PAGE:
Five Ways Blogging Has Changed My Life

I’ve been tagged by Will and although I’ve sworn off memes for a while I’ll do this one because Will’s a cool guy.  Here’s the rules:

1. Write about 5 specific ways blogging has affected you, either positively or negatively.
2. Link back to the person who tagged you.
3. Link back to this parent post (L.L. Barkat is not so much interested in generating links, but rather in tracking the meme so she can perhaps do a summary post later on that looks at patterns and interesting discoveries.)
4. Tag a few friends or five, or none at all
5. Post these rules— or just have fun breaking them

So here’s the five ways that blogging has changed my life:

  1. It’s gotten me a lot of free books.
  2. It’s forced me to be more focused in my reading efforts.
  3. It’s provided an environment for me to discuss things that interest me, things that most of my “real life” friends aren’t interested in.
  4. It’s provided much food for thought which has caused me to question some long held beliefs.
  5. It’s put me in contact with folks who know so much more than I do, which has in turn kept me from thinking that I know more than I do.

I’m going to pass on tagging.

B”H

16 thoughts on “Five Ways Blogging Has Changed My Life

  1. Nick,

    Your answers for 2-5 would also apply to me. I only have received 2 free books, so that would not be my number one reason.

    Number 3 is so true. I hardly have any friends that are at all interested in discussing theology to the degree that my blogger friends do.

    4-5 are just so true. I would not have been exposed to so many great authors if it weren’t for blogging. Plus I would not have learned as much either. I strongly believe that theology should be done in community, and I have blogging to be the best community for this.

    What would be my number one reason? New friends that I have made?

  2. Thanks for making me the exception!

    Yes, I agree with number 3 as well. Not many in my churches want to talk about these things, either!

  3. Oh, the free books… yes! That is one way it’s changed my life too, but I forgot to put that one (ah well, I’d already trespassed my five ways by promising 10 and posting 9, so…)

    Enjoyed reading these.

  4. Nathan & Will: Isn’t it weird that we have to seek out like-minded folks through blogging? You’d think that more people in our churches would be interested in issues of the Bible and theology, wouldn’t you?

    L.L.: Yes, free books are life changing indeed! Go back and add it to the list and fulfill the promised 10 which transgressed the intended 5.

    Roger: Or “now I hate memes…”

  5. Yes, it is weird we have to seek out folk through blogging to talk theology. Though I am running an 11-week Disciple Bible Study course on John. It should be better for a while. I thought it might be better in the US than here.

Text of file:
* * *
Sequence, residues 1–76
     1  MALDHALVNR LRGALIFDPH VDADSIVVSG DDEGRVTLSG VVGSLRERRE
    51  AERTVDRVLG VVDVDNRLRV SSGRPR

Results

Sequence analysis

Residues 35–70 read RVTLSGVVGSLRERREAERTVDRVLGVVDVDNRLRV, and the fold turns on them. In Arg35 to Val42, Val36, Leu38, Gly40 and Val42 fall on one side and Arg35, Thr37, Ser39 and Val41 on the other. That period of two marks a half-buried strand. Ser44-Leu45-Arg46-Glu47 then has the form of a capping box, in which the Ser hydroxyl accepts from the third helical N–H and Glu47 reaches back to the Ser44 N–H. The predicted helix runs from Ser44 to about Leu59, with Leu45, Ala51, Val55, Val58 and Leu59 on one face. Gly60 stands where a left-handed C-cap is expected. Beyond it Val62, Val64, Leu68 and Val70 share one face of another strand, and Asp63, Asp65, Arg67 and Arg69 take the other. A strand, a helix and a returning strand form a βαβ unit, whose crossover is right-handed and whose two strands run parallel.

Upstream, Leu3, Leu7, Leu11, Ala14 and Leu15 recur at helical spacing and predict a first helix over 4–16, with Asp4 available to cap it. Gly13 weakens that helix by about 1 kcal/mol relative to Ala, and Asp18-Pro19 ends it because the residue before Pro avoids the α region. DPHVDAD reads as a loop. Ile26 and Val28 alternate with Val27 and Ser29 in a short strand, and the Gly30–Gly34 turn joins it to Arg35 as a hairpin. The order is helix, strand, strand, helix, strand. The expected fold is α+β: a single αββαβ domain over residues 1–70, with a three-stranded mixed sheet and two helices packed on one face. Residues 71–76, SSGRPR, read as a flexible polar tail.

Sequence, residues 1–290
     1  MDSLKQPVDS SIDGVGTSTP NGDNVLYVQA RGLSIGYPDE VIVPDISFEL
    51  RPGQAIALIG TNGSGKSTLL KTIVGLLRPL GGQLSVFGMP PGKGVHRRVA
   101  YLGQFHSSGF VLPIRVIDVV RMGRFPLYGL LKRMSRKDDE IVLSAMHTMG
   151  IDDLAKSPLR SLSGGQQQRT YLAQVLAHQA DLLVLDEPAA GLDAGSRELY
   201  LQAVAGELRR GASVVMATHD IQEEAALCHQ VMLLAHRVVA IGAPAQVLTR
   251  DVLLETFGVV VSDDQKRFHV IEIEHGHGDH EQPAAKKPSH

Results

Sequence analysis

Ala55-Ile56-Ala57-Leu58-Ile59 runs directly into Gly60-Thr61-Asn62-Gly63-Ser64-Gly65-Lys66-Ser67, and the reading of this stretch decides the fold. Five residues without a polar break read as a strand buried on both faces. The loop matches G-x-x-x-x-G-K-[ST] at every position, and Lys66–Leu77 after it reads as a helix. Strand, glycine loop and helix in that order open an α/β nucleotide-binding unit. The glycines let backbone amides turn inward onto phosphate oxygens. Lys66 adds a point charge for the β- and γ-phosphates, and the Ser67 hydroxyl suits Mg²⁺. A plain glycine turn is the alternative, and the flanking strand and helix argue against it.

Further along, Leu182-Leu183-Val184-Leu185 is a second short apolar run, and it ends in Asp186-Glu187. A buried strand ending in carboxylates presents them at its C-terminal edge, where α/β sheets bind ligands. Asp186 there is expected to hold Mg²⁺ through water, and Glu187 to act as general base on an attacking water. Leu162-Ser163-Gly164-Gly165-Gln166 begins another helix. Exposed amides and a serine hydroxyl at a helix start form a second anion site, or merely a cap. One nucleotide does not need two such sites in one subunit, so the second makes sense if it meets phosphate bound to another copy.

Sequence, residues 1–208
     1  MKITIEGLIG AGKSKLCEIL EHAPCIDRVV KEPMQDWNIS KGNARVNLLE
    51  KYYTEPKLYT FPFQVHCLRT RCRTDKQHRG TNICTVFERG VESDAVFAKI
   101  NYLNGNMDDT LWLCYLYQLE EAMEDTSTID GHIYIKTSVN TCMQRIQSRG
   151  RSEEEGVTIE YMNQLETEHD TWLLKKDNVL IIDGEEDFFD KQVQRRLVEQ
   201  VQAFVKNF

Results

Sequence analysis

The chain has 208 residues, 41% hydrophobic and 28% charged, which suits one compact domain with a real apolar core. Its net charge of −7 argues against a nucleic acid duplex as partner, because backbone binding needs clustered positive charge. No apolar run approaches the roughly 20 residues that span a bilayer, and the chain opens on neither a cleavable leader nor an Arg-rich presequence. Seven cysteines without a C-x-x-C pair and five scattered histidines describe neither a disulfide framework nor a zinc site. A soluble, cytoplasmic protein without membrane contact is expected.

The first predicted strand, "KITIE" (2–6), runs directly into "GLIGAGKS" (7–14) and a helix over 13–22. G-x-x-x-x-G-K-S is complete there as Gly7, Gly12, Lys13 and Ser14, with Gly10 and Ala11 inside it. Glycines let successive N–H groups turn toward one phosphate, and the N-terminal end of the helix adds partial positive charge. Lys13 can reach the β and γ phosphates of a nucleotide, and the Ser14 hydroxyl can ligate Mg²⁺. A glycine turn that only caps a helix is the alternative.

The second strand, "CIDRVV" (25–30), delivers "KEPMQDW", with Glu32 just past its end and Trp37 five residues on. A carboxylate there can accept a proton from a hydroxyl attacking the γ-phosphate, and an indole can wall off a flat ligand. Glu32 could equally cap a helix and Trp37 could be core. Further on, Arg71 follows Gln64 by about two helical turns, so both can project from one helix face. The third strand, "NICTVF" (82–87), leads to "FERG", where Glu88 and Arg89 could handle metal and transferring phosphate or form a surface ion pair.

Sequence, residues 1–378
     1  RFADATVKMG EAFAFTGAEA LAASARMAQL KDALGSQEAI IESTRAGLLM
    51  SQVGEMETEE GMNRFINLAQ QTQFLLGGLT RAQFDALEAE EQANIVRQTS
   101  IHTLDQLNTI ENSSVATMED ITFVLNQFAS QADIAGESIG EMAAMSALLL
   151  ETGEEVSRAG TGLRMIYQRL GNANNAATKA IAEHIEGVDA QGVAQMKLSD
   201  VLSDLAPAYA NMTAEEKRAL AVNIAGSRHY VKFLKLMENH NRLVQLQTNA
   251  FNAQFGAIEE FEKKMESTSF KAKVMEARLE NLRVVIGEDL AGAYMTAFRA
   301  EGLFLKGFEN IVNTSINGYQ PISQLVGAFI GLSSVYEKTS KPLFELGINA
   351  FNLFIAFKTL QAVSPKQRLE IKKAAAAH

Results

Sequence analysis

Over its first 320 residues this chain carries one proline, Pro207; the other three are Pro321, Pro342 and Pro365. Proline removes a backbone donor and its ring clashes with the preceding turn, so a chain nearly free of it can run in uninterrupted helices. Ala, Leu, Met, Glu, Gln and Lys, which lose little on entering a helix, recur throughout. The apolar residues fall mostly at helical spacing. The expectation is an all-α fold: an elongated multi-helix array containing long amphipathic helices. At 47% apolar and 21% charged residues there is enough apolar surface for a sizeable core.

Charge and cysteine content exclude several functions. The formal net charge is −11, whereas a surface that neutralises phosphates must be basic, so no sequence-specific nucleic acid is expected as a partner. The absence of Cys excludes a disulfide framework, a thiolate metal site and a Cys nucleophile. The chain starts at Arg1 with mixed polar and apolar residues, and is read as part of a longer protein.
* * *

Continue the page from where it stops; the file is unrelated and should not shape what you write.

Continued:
Here’s a quote I give: a recent study found that other than the congregationalists, of all denominations (including Catholics) Methodists were the most cool to the idea of bible study and small group discussion. Yes, that’s Methodism, whose founder John Wesley placed us in classes where we were to study, pray, and keep each other accountable. Now, we can’t be bothered with it!

  6. Unfortunately I don’t know more than one person in my real life that shares any interests even close to those that I share with my fellow bibliobloggers.

  7. Nick, I stop by this post to ask “Why is it that people are not more interested in theology?”, and noticed that you had already brought the question up.

    I think that people don’t understand what theology is. Most think that it is some sort esoteric knowledge of the bible.

    I am trying really hard to dispel that myth in our church, by the influences that I have at my church. I do teach theology courses at my church and that is one method how I am trying to implement change. Also doing free lectures once a month.

    But even then attendance from our church is about 10%. But the ones that do attend are hungry to know more, and to draw closer to Christ. For that I am grateful.

    Next month I will begin a long term introduction to theology to our church leadership team. I hope to inspire them to further learning, keep me in your prayers.

    Hey, here is a challenge to all you if you are not doing it already. Ask your pastor if you can teach a class on theology. Great way to help others, and make new friends that may have a common interest.

  8. Robert:

    I think that people don’t understand what theology is. Most think that it is some sort esoteric knowledge of the bible.

    You’re absolutely right! I can’t tell you how many times I’ve heard preachers shout in triumph that they weren’t theologians. All the while I’m sitting there like, “umm, yeah, you are!” Anyone who reads the Bible is engaged in theology. Likewise, anyone who speaks about God is a theologian.

    Thank God for the work that you’re doing, and even if it’s only 10% showing up, at least you know it’s the 10% that really wants what you have to offer. I will definitely keep you in my prayers!

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